The European Social Model is being undermined by unelected European bureaucrats in institutions such as the European Central Bank and the European Commission. It is unjust, unfair and indefensible that a core element of the EU should be undermined in this manner by people and institutions with no mandate to do so.
It is clear that the European Social Model must be adjusted to make it more appropriate for the twenty first century. But there is no justification for it to be undermined.
These were some of the observations at Social Justice Ireland’s annual Policy Conference at Croke Park, today, July 3, 2012.
The conference, attended by more than 100 people from all over Ireland, addressed the topic, ‘Does the European Social Model have a future?
Speakers from Ireland, Belgium and the UK addressed the challenges that currently face the European Social Model and identified key aspects of a model more appropriate for the twenty first century.
Government and Opposition politicians also addressed this question in a lively Round-Table.
European Central bank and European Commission
In a recent interview with the Wall Street Journal Mario Draghi, President of the ECB and former Goldman Sachs banker said that austerity measures "will involve giving up the European Social Model".
All those committed to a fair and just EU should reject this claim and the policies that are causing it. While austerity may be necessary it is possible, indeed essential, to protect the vulnerable in all the decisions being made.
The recent European Commission Staff Review of Ireland’s bailout programme also makes proposals that are not consistent with maintaining the European Social Model.
Call for National Debate on the future Ireland seeks
In a paper presented to the conference Seán Healy, Brigid Reynolds and Michelle Murphy of Social Justice Ireland argued that the primacy given to the market by so many politicians, analysts, policy makers and commentators has led to the present hugely unbalanced development which undermines the European Social Model by paying €billions to unsecured unguaranteed bondholders while essential services are eroded and infrastructure is being run down.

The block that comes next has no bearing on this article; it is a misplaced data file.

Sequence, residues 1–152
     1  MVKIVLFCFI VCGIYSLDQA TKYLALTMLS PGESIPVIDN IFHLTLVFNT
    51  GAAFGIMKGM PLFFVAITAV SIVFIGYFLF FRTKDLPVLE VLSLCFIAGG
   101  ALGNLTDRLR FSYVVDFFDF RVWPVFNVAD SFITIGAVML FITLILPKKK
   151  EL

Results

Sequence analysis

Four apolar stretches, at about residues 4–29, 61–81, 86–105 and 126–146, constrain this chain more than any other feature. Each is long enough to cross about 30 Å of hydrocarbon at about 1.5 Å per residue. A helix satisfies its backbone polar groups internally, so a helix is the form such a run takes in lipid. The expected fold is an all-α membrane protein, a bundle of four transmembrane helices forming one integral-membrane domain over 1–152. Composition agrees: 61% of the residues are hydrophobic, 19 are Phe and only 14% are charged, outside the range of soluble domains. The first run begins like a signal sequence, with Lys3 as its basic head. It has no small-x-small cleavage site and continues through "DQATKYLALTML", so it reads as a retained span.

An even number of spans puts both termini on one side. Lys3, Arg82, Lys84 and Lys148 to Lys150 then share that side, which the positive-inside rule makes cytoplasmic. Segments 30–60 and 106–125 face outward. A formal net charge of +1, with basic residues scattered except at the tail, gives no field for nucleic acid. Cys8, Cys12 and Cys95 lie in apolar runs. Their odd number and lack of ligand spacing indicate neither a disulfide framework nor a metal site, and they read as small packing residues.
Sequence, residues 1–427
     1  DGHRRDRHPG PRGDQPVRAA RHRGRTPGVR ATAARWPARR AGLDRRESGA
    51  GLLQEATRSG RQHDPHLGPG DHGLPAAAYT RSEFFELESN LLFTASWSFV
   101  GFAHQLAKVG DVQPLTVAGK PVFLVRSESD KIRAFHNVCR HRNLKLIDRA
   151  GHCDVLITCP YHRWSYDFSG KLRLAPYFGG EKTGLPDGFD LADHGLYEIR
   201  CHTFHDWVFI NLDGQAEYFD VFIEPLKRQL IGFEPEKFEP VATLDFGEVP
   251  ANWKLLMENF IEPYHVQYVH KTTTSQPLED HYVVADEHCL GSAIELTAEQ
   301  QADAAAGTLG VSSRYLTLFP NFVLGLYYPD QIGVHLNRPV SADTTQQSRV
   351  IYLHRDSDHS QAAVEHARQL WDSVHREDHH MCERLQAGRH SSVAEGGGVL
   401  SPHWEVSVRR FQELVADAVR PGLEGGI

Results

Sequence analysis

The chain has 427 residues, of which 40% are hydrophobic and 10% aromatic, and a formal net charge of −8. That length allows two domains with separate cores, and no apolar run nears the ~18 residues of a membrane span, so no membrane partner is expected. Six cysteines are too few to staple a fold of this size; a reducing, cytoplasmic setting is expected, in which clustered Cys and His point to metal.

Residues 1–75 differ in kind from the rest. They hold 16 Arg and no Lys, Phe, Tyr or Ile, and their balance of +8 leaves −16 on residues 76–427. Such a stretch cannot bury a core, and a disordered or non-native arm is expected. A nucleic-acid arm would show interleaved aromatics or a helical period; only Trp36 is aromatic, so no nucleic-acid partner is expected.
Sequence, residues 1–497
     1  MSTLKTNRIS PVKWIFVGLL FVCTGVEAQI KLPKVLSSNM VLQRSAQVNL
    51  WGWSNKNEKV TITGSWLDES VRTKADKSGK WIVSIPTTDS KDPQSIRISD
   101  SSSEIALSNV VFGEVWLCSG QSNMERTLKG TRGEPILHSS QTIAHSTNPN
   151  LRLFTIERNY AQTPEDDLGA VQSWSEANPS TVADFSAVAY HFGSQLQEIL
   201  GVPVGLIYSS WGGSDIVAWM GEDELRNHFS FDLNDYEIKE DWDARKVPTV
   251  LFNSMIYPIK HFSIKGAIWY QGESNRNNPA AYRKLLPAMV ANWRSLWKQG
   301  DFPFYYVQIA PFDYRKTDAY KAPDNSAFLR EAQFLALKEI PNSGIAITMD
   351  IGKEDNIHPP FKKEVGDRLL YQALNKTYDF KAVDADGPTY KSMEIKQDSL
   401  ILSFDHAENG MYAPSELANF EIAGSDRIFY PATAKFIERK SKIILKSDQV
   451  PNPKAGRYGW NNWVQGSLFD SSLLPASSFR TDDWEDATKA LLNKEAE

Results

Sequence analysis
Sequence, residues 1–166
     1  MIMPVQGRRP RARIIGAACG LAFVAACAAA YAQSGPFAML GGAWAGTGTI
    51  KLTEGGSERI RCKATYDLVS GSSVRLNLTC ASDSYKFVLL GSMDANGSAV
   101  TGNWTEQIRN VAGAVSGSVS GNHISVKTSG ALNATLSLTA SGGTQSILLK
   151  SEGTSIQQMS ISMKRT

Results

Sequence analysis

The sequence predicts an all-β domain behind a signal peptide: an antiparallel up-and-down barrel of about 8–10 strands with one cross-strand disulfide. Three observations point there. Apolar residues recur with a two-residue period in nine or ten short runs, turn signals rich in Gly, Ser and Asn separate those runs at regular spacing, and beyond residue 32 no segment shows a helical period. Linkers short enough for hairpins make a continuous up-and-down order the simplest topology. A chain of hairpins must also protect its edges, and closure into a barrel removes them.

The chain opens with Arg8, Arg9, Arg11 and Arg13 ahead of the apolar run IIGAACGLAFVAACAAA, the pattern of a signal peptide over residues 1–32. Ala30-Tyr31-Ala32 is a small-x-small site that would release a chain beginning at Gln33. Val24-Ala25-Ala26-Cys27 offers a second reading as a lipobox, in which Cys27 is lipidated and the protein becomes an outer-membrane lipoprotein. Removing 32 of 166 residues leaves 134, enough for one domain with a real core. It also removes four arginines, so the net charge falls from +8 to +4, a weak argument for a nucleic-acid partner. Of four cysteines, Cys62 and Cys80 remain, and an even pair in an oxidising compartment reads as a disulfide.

They argued that Ireland urgently needs a national debate on the level of services and infrastructure Irish people want, on how such development is to be financed and how it is to be delivered. This debate should involve all stakeholders.
They also outlined proposals to ensure the European Social Model should develop in a manner fit for purpose in the twenty first century. These proposals covered areas such as income, work, participation, sustainability, education, health, accommodation, culture and social capital.
In setting out their proposals they argued that the core of the European Social Model was that economic progress and social progress were inseperable. This should be recognised by all involved and policy developed on this basis.
Speaking at the conference Professor Ide Kearney of the ESRI analysed two key challenges that must be addressed if Ireland is to have any positive outcome to its present difficulties: the very high levels of debt and unemployment.
She concluded that: “Ireland is being forced to implement pro-cyclical policies which serve to deepen the recession. If growth were to prove less than assumed by the Department of Finance, it would not be sufficient to stabilise the Debt to GDP ratio before 2015. Ireland is in danger of a lost decade.”
Professor Tony Fahey, Head of Social Policy at UCD, pointed to the fact that the Beveridge Report had first been published in Britain in 1942, in the middle of a war.
”Yet Beveridge was convinced that what was needed at that time was radical change. What he presented was a noble but attainable vision of how peace-time society should be organised. Today we are at a very difficult moment but perhaps it is the opportune time to re-imagine the European Social Model” Professor Fahey added.
Policies to promote well-being and the common good
Professor Philippe Van Parijis of the University of Louvain, argued that if Europe, especially the Eurozone, was to reject a race to the bottom then it would have to introduce a Guaranteed Basic Income for all its citizens (set at appropriate levels in different countries).
This would eliminate dependency traps and ensure that work always paid. He emphasised the need for all groups in society to develop a common ethos of contribution to the common good.
Anna Coote from the New Economics Foundation (London) argued that we should seize the moment to promote radical change for the common good.
She outlined the need for a major transition to an economy that serves the interests of people and the planet, rather than the other way around.
She identified three key areas in which Europe needs major change: (i); growing the ‘core’ economy – the human resources that comprise and sustain people’s everyday lives but which for the most part are unpaid and undervalued; (ii) in the organisation and distribution of paid and unpaid work; and (iii) in moving from cure to prevention in order to ensure the development of a just and sustainable world.
This would enable services to be delivered in a much more sustainable manner which would involve all service ‘providers’ and ‘users’ in securing their development together.
A book containing the papers of the conference will be published later today. Copies may be purchased from Socialk Justice Ireland for €15. It will be available for free download on this website in due course.